‘A Slow Death’: Egypt’s Political Prisoners Recount Horrific Conditions
CAIRO —Every time he appeared before Egyptian prosecutors during his 21 months in detention, Ahmed Abdelnabi, a 61-year-old print shop owner from Alexandria, had a more disturbing story to tell.
For the first three weeks, he had been locked in a narrow, filthy cell with no light, he told his lawyer and his family, leaving only for interrogations during which he was tortured with electric shocks, beaten and threatened with the rape of his wife.
Denied medication for his diabetes, heart conditions, hepatitis C and high blood pressure despite repeated requests, he kept fainting. For the first 40 days, he and his cellmate got no food, surviving on scraps of bread the prisoner next door passed through a hole.
“He’d say, ‘I’m dying a slow death,’” said Mr. Abdelnabi’s lawyer, Shorok Sallam. “‘I’m going to die. I might not make it to next time. I’m being tortured. I’m being denied medication. I’m being denied food.’ These are things he said a million times.”
Arrested in a yearslong campaign to extinguish opposition to the government, Mr. Abdelnabi was one of thousands of political prisoners held without trial for weeks, months or years for offenses as minor as liking an antigovernment Facebook post.
Many detainees are locked for long stretches in cells that lack bedding, windows or toilets and are denied warm clothes in winter, fresh air in summer and medical treatment, no matter how sick, according to former detainees, their families and lawyers, and rights groups. Torture is commonplace, they say. Visits are routinely prohibited. And some never leave.
Such conditions are widespread, according to former inmates, lawyers and rights groups. Several former detainees and their families said their experiences were not as severe, but they, as well as rights groups and lawyers, said they were the exceptions.
More than a thousand people have died in Egyptian custody since the authoritarian President Abdel Fattah el-Sisi came to power in a 2013 military takeover, owing to treatment that rights groups say amounts to deadly negligence.
It is all part of a justice system that has helped Mr. el-Sisi cow dissent, deterring those who might be tempted by opposition politics. Rights groups estimate Egypt now holds some 60,000 political prisoners. That amounts to about half of the total jail population, which a government official put at about 120,000 in October.
Some have been tried and sentenced. But Mr. el-Sisi’s government has stuffed the jails with critics chiefly through a system of pretrial detentions that imprison people indefinitely without trial.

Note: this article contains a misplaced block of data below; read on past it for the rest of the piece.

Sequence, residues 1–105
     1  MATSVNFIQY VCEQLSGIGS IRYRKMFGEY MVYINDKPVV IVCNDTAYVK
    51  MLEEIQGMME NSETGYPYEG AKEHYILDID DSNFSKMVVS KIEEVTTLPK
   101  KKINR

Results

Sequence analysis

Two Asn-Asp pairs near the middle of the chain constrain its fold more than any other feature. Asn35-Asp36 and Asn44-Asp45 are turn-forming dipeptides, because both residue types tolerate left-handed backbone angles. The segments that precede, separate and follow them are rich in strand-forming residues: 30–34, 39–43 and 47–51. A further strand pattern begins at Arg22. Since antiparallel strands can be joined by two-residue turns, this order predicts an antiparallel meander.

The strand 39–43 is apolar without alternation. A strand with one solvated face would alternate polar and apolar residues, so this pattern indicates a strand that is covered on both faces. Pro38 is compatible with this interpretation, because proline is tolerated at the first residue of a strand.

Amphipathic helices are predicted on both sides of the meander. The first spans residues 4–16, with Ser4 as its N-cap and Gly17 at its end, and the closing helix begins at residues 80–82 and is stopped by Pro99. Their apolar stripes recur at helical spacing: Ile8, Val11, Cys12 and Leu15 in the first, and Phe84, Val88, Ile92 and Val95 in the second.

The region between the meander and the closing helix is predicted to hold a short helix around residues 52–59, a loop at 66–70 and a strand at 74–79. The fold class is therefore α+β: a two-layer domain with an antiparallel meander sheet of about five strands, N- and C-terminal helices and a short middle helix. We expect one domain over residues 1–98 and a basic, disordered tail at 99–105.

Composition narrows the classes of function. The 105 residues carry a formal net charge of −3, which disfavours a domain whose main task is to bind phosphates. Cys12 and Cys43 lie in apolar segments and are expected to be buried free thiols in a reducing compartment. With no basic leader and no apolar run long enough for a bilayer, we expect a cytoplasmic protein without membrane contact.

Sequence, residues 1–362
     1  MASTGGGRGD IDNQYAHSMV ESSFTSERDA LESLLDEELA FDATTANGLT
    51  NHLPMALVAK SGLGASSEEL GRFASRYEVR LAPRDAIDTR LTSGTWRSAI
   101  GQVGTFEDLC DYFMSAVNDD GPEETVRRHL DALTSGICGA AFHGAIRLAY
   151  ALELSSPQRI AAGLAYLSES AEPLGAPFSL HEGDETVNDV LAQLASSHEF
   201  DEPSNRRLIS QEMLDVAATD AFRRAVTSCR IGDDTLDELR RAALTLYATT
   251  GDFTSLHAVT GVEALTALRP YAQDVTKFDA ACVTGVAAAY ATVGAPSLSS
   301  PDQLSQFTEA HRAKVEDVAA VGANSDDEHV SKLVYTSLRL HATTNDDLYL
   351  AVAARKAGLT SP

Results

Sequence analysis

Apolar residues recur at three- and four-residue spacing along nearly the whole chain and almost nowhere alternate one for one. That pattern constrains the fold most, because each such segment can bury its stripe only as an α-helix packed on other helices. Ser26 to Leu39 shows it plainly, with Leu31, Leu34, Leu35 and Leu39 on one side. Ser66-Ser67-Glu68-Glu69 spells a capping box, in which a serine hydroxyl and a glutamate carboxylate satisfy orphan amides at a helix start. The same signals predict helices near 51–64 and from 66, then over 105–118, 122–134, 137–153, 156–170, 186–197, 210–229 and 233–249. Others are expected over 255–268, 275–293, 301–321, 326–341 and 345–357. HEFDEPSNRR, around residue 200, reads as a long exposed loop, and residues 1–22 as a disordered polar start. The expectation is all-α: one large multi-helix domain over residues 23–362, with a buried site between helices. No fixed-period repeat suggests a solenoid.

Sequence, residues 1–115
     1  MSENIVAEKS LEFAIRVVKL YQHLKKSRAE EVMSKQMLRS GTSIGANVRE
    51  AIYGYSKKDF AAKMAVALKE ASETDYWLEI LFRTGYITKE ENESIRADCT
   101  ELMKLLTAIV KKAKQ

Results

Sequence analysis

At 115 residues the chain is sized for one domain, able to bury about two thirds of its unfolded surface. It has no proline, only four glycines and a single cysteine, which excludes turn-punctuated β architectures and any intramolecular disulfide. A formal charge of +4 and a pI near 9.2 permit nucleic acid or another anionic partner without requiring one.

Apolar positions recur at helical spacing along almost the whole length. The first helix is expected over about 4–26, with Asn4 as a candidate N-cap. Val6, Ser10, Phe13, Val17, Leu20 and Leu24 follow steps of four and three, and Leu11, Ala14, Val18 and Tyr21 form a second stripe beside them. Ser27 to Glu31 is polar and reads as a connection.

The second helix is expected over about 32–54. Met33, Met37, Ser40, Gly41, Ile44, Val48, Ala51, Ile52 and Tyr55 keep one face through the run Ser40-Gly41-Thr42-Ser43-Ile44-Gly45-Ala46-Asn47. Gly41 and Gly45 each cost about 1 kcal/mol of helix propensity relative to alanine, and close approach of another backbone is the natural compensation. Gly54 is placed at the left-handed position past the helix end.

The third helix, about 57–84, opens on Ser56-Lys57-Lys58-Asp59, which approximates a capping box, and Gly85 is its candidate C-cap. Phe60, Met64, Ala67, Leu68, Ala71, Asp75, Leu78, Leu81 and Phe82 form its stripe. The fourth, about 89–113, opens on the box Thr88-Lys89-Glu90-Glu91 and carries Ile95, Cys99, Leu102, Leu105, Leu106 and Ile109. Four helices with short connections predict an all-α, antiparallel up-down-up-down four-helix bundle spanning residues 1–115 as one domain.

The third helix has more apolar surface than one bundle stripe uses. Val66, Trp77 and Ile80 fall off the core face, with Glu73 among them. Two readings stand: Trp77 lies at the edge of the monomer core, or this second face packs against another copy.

No public records exist of the number of prisoners stuck in the pretrial detention system. But an analysis by The New York Times found that at least 4,500 were detained without trial in one six-month period — many in abject, occasionally life-threatening, conditions.
The prisons cannot keep up.
Egypt has built 60 detention centers over the last 11 years, almost all of them under Mr. el-Sisi, according to Egyptian reports and the Cairo-based Arabic Network for Human Rights Information, which shuttered this year after relentless government harassment. As of 2021, the country had 78 prisons, the group said.
This spring, Egypt’s best-known prisoner of conscience, the British-Egyptian political activist and intellectual Alaa Abd El Fattah, went on a hunger strike in a small cell without a bed or mattress. For months, his family said, he had been denied books, newspapers, a radio, hot water and exercise in the prison yard, though the authorities have softened some restrictions amid international pressure for his release.
For a time, Mr. Abd El Fattah shared a prison complex with a former presidential candidate, 71-year-old Abdel Moneim Aboul Fotouh, who suffers from conditions the United Nations has called life-threatening, including angina, prostate disease and kidney stones. He has received almost no medical attention apart from basic tests, the U.N. said.
But the authorities do not reserve such treatment only for prominent prisoners.
His Crime? Protesting
Ahmed Abdelnabi and his wife, Raia Hassan, boarded a flight from Cairo to Istanbul in December 2018. Their daughter, Nosayba Mahmoud, said they were planning to stop in Turkey on their way to visit her in Dallas.
But in Istanbul, they never got off the plane.
Three frantic weeks later, the family heard that a defense lawyer had spotted the couple at an Egyptian prosecutor’s office. Security officers had arrested them before takeoff.
When Ms. Sallam, Mr. Abdelnabi’s lawyer, got to see him, she reported that he had trouble moving the left side of his body, which was covered in red, raised burns from repeated electric shocks, and that he could barely see.
“Just the idea that they weren’t taking their medications, they were under this tremendous psychological pressure, that they weren’t eating, not taking a shower, not changing their clothes, let alone that you don’t know where they are and what’s happening to them — it’s traumatic,” said Ms. Mahmoud, 37. “You don’t know if your loved ones are going to make it out or going to be killed.”
Requests for comment sent to the Egyptian state prosecutor, prison officials and the presidency through a government spokesman received no response. But officials have said some politically motivated arrests were necessary to restore stability after the turbulence of the 2011 Arab Spring revolution.